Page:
TPM reports this morning:
The U.S. government cannot use a drone to kill an American citizen who is not engaged in combat on American soil, White House Press Secretary Jay Carney said Thursday during his daily press briefing.
Carney said that Sen. Rand Paul (R-KY) had on Thursday asked the administration if the president has the authority to use a mechanized drone against an American on U.S. soil who is not engaged in hostile activities. "The answer to that question is no," Carney said.
But who is a noncombatant? What constitutes engaging in hostile activities to the White House? Does this still leave the "we declare you a combatant" excuse? More clarity needed.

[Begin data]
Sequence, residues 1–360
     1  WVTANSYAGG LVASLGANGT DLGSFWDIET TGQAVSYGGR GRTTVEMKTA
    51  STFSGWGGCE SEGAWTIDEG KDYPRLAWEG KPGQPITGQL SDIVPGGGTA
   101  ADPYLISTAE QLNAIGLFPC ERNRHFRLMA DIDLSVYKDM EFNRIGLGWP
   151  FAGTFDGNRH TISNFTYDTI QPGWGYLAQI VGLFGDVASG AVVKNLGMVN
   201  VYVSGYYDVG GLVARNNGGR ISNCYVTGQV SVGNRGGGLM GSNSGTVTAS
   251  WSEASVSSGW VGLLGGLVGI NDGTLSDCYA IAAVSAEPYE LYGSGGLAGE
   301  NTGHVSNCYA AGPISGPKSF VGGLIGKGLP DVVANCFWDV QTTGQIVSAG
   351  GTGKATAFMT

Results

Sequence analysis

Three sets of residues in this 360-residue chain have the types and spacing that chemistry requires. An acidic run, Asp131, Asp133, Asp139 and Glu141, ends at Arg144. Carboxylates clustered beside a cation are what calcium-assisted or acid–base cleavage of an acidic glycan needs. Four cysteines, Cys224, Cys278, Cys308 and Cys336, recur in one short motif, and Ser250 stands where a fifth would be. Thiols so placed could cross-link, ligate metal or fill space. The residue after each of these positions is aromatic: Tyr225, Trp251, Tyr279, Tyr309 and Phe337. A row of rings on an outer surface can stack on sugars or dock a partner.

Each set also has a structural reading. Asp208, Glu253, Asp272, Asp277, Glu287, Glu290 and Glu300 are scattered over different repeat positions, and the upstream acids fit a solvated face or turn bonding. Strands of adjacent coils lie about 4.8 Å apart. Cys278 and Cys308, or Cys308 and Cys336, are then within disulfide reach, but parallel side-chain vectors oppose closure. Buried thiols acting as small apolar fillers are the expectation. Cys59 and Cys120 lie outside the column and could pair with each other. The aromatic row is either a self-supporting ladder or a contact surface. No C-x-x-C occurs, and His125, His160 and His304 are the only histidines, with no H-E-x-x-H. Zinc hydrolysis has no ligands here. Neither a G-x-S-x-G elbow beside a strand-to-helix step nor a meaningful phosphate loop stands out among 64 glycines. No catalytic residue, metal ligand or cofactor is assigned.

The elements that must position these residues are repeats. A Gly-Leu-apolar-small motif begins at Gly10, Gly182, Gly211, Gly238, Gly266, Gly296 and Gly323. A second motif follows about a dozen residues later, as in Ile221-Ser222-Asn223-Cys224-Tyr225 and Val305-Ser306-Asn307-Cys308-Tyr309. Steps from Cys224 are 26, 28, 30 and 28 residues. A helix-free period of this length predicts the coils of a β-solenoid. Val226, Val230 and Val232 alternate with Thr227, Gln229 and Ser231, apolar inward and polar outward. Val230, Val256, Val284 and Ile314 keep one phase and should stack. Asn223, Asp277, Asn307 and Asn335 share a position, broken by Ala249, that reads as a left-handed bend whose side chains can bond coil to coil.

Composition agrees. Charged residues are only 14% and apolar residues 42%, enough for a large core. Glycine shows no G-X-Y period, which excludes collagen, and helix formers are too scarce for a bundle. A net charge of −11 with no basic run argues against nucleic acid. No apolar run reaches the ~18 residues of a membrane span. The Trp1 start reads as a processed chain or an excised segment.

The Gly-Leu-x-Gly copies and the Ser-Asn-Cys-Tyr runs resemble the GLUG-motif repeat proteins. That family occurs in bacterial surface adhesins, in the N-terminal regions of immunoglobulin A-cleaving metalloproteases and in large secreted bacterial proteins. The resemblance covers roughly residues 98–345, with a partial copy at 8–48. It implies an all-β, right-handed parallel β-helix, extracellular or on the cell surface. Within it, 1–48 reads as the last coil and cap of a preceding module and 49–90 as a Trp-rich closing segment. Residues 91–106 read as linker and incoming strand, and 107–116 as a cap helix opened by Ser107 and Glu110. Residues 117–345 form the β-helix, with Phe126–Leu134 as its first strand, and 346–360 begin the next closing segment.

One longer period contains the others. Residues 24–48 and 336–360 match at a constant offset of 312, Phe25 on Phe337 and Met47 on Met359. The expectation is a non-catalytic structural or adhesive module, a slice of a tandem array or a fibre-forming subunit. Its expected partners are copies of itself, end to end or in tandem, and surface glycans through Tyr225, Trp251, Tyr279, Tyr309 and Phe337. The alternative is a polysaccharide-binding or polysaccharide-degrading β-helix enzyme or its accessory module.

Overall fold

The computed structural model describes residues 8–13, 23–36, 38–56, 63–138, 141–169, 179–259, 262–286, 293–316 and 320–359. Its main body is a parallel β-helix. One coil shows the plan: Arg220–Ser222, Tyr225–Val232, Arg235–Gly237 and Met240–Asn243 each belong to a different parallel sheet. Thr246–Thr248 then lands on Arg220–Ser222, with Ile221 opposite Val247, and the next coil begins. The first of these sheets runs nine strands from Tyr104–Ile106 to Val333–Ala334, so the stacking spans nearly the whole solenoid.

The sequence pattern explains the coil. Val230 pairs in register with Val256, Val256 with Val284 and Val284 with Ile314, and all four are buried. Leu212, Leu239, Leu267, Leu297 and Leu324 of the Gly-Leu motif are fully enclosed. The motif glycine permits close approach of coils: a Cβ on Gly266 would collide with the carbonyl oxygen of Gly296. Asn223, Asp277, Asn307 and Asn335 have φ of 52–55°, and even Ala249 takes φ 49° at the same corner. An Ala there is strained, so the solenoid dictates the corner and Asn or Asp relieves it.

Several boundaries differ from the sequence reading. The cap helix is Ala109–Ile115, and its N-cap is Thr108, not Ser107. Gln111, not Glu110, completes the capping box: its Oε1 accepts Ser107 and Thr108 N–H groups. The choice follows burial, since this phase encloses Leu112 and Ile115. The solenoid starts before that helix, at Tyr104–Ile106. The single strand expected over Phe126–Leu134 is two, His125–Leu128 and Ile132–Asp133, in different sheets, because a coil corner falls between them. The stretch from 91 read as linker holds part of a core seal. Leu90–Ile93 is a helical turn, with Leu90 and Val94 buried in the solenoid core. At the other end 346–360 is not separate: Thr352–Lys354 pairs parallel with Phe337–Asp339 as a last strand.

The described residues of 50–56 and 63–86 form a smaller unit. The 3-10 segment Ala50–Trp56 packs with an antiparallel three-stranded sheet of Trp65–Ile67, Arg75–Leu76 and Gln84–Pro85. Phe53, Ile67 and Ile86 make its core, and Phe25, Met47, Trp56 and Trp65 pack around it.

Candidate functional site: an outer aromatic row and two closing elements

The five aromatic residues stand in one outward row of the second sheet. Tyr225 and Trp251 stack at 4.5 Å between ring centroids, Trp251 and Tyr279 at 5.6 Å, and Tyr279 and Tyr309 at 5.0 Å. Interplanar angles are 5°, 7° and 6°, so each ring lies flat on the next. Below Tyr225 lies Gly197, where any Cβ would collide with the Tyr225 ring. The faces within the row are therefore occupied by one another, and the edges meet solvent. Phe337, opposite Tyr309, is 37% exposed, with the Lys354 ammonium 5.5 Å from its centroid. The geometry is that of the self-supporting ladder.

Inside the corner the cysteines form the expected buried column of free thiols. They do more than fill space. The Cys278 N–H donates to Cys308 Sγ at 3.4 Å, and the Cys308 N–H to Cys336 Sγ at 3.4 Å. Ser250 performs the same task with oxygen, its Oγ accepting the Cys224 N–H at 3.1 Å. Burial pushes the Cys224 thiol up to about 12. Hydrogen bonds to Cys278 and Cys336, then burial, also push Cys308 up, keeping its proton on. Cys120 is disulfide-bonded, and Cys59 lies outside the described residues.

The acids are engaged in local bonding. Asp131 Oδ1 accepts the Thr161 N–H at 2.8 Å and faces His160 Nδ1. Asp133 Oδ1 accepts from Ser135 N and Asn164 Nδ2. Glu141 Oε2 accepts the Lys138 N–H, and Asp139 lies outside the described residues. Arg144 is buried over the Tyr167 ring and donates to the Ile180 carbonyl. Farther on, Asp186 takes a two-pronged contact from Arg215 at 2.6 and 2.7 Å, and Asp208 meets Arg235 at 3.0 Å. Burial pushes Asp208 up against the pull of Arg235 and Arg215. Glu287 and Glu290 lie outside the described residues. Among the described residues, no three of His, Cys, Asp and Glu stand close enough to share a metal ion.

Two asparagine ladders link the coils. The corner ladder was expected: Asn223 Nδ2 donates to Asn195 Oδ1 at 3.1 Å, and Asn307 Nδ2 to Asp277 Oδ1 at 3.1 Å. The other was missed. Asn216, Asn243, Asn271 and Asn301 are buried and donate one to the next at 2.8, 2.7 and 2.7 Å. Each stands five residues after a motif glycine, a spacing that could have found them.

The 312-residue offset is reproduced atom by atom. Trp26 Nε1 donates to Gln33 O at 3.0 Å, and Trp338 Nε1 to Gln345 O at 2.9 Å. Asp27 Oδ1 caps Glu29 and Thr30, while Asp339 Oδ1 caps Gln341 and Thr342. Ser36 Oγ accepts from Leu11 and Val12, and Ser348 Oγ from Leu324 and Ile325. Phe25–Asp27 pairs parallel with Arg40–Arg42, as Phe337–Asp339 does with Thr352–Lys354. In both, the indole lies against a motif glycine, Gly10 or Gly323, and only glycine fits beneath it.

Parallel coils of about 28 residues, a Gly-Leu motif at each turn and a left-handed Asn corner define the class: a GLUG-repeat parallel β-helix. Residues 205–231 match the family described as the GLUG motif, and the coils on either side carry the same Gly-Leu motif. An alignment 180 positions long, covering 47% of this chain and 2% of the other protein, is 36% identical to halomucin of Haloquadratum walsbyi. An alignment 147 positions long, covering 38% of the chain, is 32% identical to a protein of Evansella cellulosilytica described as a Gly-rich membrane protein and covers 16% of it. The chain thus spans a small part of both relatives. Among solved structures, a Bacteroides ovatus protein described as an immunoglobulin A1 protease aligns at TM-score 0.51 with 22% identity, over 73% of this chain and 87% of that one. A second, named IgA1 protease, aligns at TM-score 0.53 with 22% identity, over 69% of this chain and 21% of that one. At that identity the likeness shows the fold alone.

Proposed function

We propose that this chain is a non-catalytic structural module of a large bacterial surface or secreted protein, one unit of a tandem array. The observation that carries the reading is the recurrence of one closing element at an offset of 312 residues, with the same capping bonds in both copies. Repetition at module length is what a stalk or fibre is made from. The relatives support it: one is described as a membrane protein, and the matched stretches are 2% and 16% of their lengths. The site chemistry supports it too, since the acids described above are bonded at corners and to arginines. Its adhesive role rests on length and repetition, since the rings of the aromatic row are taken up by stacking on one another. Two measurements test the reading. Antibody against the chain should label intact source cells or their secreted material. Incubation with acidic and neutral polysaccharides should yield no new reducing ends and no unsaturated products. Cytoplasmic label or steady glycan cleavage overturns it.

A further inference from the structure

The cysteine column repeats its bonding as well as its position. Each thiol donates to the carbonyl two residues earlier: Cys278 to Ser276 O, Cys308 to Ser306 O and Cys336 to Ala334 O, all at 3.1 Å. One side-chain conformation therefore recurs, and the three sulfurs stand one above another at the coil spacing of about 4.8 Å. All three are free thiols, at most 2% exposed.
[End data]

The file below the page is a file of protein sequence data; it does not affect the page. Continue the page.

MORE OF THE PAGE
UPDATE: Via Politico, the complete text of a letter Attorney General Holder sent to Rand Paul today. In its entirety: "It has come to my attention that you have now asked an additional question: 'Does the President have the authority to use a weaponized drone to kill an American not engaged in combat on American soil?' The answer to that question is no."
Still: what defines "engaged in combat" to you guys? Doesn't seem to actively apply to most victims of overseas drones. Does it mean, as Lindsey Graham suggested, just being a member of Al-Queda, a topic on which the White House will undoubtedly declare itself sole judge (and then jury, and executioner)? Also, the mechanism of the kill--mechanized drone--isn't the sole issue at point here. It's summary executive power to decide who to kill without charge or trial in a Forever War.